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Avoid These Dumb AdWords Mistakes When Getting Started with Your First Campaign

Before we begin in earnest to lecture you on the subject of the article, let us reiterate what you surely know already: it is imperative that you have a proper and relevant landing page ready for when people do click on your ads. Without that, you will end up losing money. Period. Now let’s talk about Dumb and how not to be.

1. How Wide is Your Net?

Are you targeting all the keywords that came up as being lucrative and ‘buying’ when you did your research? That’s probably not a good idea. You will be spreading yourself too thin, imagining that every keyword will get you conversion, but it doesn’t work that way in real life.

Ten percent conversion is high enough, and to get enough customers to make a profit, it makes sense to target a relatively small section of people. If you do this properly, you will be able to attract the maximum number of clicks for a few keywords and, hopefully, make a decent number of sales. When you target very specific keywords, you can avoid paying for clicks made by people looking for things that are similar to yours but not quite what you are offering.

Also, if you have a lot of clicks for an ad, Google will charge you lower rates this is possible when you target a specific section of searchers. And as we mentioned at the very outset, you will need a relevant landing page for each keyword (you make a promise through the keyword which the landing page fulfills). Creating a number of such pages and then realizing that only one or two keywords are actually getting results can be frustrating.

In all respects, it makes sense to prune your keyword list and try to work your way around the few that remain. You should start with a very small daily budget to understand how things are working and then further narrow down your list to the ones that show most promise.  AdWords can get your fantastic results, but you can’t just leave the ads running without monitoring them and hope things will work out on their own.

2. Do Your Headlines Sound Like Ads?

Well, you are writing ads, so they should, right? Wrong! People don’t search using such phrases as ‘killer opportunity’, ‘exclusive chance’, ‘Idiot-proof ways’, ‘maximum response’ and so on. Those get visitors, but in a marketing context. Here, you will be targeting what people actually type into search boxes.

A simple phrase like ‘home remedy for beer belly’ might prove to be an infinitely better option than writing ’5 shocking facts about beer belly problems your doctor will not tell you’. Try to understand the difference between article headlines that attract attention among multiple search results and actual key-phrases that people use. Use the description to sell your headline – ‘every kitchen will have these 4 simple ingredients to reduce beer belly for good’.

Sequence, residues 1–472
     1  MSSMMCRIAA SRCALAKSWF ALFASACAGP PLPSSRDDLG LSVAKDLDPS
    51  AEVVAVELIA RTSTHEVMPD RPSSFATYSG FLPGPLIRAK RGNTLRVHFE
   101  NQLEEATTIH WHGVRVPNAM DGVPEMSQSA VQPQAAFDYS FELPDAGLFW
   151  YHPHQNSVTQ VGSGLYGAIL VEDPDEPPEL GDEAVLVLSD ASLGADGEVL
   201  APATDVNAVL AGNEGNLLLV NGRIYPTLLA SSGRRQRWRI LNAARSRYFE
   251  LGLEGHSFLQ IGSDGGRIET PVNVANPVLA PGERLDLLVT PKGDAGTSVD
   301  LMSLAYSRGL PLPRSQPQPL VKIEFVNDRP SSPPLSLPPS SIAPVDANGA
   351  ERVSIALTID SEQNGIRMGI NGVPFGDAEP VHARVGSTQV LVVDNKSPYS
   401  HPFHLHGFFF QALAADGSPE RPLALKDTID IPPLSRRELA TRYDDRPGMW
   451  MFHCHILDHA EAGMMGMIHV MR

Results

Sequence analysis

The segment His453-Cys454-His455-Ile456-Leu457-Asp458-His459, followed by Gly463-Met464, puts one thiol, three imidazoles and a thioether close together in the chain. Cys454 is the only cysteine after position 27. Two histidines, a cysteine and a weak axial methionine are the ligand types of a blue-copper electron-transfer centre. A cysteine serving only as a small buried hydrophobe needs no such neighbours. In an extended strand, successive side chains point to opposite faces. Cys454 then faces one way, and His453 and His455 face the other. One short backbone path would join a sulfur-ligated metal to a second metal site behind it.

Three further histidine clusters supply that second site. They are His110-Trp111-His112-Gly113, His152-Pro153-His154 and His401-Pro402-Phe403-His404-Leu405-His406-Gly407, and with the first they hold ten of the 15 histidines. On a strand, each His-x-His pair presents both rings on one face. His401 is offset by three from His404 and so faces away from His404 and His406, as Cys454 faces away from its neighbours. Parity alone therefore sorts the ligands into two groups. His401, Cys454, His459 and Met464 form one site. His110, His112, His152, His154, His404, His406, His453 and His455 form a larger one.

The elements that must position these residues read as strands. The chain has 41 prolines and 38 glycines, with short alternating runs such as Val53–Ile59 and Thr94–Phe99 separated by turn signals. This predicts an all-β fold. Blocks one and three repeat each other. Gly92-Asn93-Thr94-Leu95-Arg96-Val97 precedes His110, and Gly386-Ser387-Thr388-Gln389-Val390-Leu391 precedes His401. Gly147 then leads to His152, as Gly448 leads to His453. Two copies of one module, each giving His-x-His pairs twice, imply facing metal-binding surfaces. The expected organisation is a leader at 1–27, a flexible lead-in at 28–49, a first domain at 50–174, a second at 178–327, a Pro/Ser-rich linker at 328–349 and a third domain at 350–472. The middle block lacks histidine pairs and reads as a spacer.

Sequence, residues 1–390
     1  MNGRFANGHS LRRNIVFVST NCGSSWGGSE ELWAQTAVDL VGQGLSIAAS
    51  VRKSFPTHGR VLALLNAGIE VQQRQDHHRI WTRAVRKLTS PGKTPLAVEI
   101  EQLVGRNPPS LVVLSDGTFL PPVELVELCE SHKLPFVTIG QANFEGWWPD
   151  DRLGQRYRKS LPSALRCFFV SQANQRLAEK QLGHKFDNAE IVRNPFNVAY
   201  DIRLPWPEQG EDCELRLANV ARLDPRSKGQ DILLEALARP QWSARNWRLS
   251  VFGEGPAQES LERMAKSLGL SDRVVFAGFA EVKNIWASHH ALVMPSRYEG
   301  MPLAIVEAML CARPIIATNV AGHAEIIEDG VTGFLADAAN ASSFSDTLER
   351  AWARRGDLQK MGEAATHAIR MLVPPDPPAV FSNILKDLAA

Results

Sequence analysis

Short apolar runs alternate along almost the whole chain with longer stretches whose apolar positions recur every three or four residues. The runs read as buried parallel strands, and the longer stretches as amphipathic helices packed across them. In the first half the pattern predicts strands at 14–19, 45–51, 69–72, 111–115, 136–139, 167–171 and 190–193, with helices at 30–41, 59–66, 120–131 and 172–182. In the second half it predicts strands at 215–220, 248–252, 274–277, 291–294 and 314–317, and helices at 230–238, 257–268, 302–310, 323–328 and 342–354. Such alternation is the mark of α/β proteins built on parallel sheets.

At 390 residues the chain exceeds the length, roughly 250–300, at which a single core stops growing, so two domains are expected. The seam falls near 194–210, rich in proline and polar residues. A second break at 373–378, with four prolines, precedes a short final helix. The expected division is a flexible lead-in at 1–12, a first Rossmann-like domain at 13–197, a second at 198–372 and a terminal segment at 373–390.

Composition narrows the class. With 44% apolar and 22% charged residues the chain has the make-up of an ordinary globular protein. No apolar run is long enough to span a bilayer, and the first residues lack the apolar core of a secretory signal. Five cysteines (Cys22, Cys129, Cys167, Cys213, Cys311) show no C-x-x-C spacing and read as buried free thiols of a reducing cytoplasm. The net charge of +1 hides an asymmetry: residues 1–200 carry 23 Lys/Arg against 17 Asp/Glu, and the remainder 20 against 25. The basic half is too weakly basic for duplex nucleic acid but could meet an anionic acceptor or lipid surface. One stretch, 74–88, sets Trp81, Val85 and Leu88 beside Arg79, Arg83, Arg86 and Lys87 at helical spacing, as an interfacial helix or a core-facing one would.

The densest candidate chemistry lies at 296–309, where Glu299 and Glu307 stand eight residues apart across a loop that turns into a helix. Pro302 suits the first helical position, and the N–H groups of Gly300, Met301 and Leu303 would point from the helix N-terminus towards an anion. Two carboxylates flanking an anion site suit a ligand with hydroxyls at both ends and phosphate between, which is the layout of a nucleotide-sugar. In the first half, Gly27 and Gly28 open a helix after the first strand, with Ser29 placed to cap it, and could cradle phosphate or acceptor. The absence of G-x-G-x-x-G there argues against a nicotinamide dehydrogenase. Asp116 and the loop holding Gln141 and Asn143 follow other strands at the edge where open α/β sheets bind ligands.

Please understand that this is not an article about copy writing – we are only trying our best to give you an idea of what your ads should sound like. You can do better than us, but pay attention to the principles. Our example is in conversational language (possible search query), focused (not just any kind of belly) and offers a very specific solution (home remedy) which gets permanent results (for good) through the simplest means possible (kitchen ingredients). And, in fact, what we have composed may actually bring in loads of visitors if a number of people have in mind what we have offered, and are using similar key-phrases in search. So, don’t worry about spectacular or boring – just stay close to real life search terms.

3. Are You Getting Expert Advice?

Who would be a better expert at AdWords than Google, right? Hmm… not according to what we have heard. You are welcome to go ahead and try this for yourself, but as far as we are concerned, ‘Thanks, but no thanks’ is what we are going to say if a Google representative offers advice (as they are known to do) on ‘optimizing’ our campaigns. What you will learn by spending money out of your own pocket and wasting some of it in trial and error is the real deal. You have Word tracker and Google’s own keyword tool to help you out. If you need more help, ask your peers, not Google.

Putting It Together

Do your keyword research, make a list of buying keywords, prune the darn list till you can prune no more and set up your campaign(s) on a minimum budget. Monitor results and retain only the keywords that are getting the best results. Choose a keyword or phrase that is akin to choosing a sub-sub niche or a long tail keyword to attract searchers with very specific things in mind – which you will be offering. Oh, and by all means, Google for expert advice, but don’t ask Google!

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